The gift of blame

In Entertainment, Humor, Television, The Office, Work on January 28, 2009 at 5:33 am

Moroccan Christmas The Office

So Jan’s boss gave her a gift card to the Electric Theatre Company.
And somehow one of them lost it.
Like lost lost it.
Michael was on the phone all morning doing the baby voice with Jan.
“Are you mad at me?”
“You’re not mad at me are you?”
“Well I looked all over and I couldn’t find it.”
“Well I looked in the place where I always keep gift cards and it wasn’t there.”
“Well I’m not sure it was me who lost it.”
“No no no I just really don’t think I lost it.”
More cooing ensued to make up for the attempt Michael made to blame Jan.

As soon as he was off the phone he was griping to Jim that he knows Jan was the one who lost the card, not him.
But because he doesn’t have the balls to say that to Jan, he spent his day on the phone with the play company trying to get them to give him another gift card. Even though we had a pressing deadline and she … was making candles at home with no orders to fill or anything.

So after explaining to the theater’s customer service the situation and being told that it says right on the card that the theater is not responsible for lost or stolen cards, Michael starts getting huffy.
“I personally think it’s a very customer unfriendly policy.”
“Well I’m sure other places have policies for lost cards.” (no, no they don’t, Michael)
“Well is there someone above you who I could write to?”
“Well wouldn’t that be like writing to you?”
“Well it’s confusing which is actually the gift card because we have a slip of paper that says ‘This is not a ticket, but then it says ‘Electric Theatre Company gift card’ and the amount of the gift card on it.” (Erm, yeah. The slip of paper is what we like to call a RECEIPT, Michael. That piece of plastic that you chucked in the trash. That is a gift card. I can see how you might get confused, though.)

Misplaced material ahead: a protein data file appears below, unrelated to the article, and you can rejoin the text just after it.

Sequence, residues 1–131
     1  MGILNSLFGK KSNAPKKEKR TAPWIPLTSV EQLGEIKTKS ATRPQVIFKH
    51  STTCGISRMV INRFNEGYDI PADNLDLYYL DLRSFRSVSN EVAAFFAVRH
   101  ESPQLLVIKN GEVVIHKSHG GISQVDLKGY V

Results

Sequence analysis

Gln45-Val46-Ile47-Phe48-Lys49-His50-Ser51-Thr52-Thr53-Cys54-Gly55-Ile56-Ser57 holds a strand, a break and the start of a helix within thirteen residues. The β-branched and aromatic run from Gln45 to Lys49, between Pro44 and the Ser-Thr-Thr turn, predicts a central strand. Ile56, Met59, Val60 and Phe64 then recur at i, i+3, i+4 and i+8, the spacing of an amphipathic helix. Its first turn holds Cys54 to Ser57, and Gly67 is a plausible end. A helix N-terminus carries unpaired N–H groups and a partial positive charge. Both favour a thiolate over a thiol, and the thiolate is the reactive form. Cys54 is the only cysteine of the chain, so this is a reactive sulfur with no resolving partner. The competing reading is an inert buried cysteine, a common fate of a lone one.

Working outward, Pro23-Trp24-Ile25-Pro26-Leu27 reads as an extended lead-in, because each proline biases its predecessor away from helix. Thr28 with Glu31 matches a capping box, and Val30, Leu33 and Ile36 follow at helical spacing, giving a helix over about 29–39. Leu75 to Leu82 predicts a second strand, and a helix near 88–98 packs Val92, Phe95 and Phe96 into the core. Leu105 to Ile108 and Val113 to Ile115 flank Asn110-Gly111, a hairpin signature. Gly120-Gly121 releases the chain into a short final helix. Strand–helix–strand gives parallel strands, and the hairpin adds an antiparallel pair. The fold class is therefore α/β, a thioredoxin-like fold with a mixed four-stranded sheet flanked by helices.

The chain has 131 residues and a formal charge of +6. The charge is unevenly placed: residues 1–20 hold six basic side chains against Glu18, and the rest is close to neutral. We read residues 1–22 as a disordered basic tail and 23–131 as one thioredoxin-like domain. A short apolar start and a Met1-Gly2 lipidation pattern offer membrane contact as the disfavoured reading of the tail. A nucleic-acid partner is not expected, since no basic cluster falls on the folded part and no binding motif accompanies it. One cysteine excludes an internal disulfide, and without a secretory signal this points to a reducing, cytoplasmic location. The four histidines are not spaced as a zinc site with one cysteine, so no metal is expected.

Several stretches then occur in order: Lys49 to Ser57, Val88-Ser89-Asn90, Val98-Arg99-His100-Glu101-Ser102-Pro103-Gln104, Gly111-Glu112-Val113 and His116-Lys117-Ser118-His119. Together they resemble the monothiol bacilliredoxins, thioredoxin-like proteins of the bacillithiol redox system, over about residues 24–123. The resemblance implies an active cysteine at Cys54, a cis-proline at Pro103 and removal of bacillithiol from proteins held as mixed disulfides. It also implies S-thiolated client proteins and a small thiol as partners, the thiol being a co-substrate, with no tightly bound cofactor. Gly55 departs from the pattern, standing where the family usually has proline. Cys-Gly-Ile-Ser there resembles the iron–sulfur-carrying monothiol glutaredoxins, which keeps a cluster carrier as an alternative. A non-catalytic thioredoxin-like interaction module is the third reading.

Finally Michael gets the customer servcie rep to say he might be able to help him out if the person who bought the initial gift card calls in. But otherwise his hands are tied.
Luckily having overheard all of this, I was able to prepare my responses when Michael inevitably cornered me to dump this story on me.
“Oh no, you have to be SO careful with gift cards,” I said when he approached me as I was trying to leave work. “They are JUST like cash. All of them say right on them ‘not responsible if lost or stolen,'” I said as dramatically as possible.
He even tried to play the “I was confused” game with me.
“But there was an actual PLASTIC gift card, right?” I asked.
He said no, that all he had was the slip of paper mentioned above. But later mentioned that the receipt didn’t have the same numbers as the plastic gift card printed on it, so the theater said they couldn’t help him.
“OH,” I said. “SO there WAS an actually piece of plastic that was the legitimate gift card?”
“Well yes, allegedly. I think I remember one,” he said.
Right Michael.
The highlight: Jan refused to tell her employer that she (or Michael, whatever) lost the gift card because she was embarrassed. So she is making Michael buy tickets to a show so she can tell them about the nice time they had.
Am I a bad person for enjoying that so much?

P.S. I have no idea what the policies are of the actual Electric Theatre Company. All names and locations are changed for the sake of anonymity.

  1. […] at the Hilton Garden Inn and seeing that play, which we were supposed to be paying for using that gift card that got lost. I would think that would be […]

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